Lately I’ve been thinking about how non-horse people view horse people. It seems like they all usually have the same image in their head of how we all are. Especially if we ride English. They seem to see the highly privileged rich person driving to their barn in an expensive car to ride their horse that costs just as much if not more. They’re usually using tack that costs more than an average person’s earnings in a month with perfectly polished boots and a Gucci belt around their waist.
Though that might be the image some people portray, it’s not the case with all of us equestrians. So I thought I would share some the other types of horse people that exist.
(Keep in mind that this post is all fun and games. This is by no means meant to insult anyone.)
This is the person who would spend any waking moment at the barn. Even if it means doing all of the barn chores. They want to learn everything about running a stable. They believe that their hard work will pay off in the end.
Even though they’re barely making any money to survive, being around the horses makes it all worth it. Regardless of whether or not they end up in a career with horses later on, their dedication and positive attitude is something that most people will never learn to master.
Whether they have the money behind them or not, these riders are willing to put in the saddle time to improve their riding skills. With dreams of riding in the Olympics, they keep wanting to push further. Their eyes are bright and they’re ready for the next challenge. They’re excited when their coach raises the bar and they’re analytical when they make a mistake. The athlete is always focused and never afraid to go after those dreams they have.
These equestrians are in it to win it. They know that they are the best out there. Like the athlete, they have big dreams. They’re just more determined to get there. They’re not too concerned about the how, they just know that they will.
First place is the only place for the competitor. Anything else is not good enough.
They get a high when they enter the ring and hear their name being announced. They love the crowds watching them. They live for the competition ring. Even when they’re at home, they train like they’re at a show. They might even race another rider when tacking up. Regardless if the other person knows it or not. Though people might think that the competitor is a little intense, their determination is something to be admired.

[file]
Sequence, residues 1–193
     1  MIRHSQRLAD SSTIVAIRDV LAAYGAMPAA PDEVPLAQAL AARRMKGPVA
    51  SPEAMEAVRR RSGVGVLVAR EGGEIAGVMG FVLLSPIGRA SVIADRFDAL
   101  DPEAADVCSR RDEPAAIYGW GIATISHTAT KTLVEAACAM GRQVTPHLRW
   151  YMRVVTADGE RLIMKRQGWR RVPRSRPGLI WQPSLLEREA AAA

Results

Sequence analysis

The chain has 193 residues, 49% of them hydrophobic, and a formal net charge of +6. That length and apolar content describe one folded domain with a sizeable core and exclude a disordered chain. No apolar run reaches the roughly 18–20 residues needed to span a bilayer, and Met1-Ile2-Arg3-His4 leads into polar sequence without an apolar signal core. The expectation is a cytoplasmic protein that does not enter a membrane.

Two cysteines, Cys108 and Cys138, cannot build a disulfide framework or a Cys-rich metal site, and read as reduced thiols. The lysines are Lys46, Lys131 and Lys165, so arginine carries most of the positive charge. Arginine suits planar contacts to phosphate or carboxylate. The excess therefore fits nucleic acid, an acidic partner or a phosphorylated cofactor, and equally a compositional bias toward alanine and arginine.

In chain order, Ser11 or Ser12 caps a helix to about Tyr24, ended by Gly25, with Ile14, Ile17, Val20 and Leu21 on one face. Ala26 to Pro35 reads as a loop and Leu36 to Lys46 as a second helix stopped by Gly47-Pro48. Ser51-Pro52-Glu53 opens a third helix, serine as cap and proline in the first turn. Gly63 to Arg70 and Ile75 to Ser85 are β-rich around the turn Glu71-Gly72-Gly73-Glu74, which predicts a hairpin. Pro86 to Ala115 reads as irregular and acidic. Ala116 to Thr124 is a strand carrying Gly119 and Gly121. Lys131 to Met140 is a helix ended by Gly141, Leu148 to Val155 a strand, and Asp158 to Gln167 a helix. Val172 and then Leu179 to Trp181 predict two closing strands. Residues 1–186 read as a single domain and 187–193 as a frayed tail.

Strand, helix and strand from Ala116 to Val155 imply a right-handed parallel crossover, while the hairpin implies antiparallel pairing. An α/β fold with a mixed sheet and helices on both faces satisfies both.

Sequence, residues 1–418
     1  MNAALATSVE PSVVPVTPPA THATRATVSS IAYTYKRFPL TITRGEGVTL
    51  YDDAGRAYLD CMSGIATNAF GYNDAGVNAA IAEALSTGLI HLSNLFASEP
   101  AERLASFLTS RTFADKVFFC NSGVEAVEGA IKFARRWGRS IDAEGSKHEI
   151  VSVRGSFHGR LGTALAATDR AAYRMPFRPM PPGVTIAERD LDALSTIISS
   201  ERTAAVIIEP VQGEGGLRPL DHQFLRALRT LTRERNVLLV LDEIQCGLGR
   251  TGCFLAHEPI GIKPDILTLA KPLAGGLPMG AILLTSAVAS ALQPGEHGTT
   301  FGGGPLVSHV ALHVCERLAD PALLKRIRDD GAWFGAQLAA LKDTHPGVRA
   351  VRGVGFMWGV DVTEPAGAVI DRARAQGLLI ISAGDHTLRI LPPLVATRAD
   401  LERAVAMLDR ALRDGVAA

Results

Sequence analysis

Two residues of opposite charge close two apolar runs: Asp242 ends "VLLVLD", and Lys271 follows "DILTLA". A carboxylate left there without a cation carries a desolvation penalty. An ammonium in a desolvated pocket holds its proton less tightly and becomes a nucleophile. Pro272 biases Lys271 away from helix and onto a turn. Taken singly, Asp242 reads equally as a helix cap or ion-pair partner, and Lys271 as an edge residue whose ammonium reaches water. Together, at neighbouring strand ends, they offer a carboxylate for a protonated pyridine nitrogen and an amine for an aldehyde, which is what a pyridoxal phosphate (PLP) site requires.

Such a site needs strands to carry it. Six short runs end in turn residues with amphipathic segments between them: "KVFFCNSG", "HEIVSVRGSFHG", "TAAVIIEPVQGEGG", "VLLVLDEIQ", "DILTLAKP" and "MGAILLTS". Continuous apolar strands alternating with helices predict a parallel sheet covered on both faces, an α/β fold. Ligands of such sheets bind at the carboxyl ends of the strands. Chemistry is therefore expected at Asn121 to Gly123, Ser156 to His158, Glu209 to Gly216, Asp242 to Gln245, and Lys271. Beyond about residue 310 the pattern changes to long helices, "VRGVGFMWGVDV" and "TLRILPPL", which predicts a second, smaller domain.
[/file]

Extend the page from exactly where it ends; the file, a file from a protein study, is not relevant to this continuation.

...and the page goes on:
Who cares about competition or equine careers? The hobbyist is perfectly happy having their horses in the paddock behind their house. They live on their own private farm and love their horses’ company. They’re not out to prove anything. They might not have all of the fancy equipment or facilities, but who really needs that anyway? The hobbyist understands how truly special the connection between a horse and rider actually is. All of the other stuff can all come and go, but a good bond with a horse is forever.
The horse whisperer
The horse whisperer loves learning more about the horse’s psychology. Learning how they communicate, how they think and how they react. It’s through this knowledge that they gain a greater understanding for their horses. They’re not really out to prove anything. They just want to focus on their bond with their horse. They love working at liberty and riding without tack. After all, it’s not about control. It’s about trust. The compassion and sensitivity of the horse whisperer is not something to be ignored. They see things that some of us don’t and what they can do with horses is often breathtaking.
I think I could go on and on with this list of different horse people, but I think I’ll leave it here as the post is already getting a bit long. Feel free to leave some more categories in the comments below.
I guess the point of the post is that there are a lot of different types of equestrians. We don’t all fit the stereotypical image that we’re portrayed as. Even with some of the categories that I’ve written, there will be differences and variations. Some people may be more than just one category. That’s what makes is all so special.
Until next time, happy riding!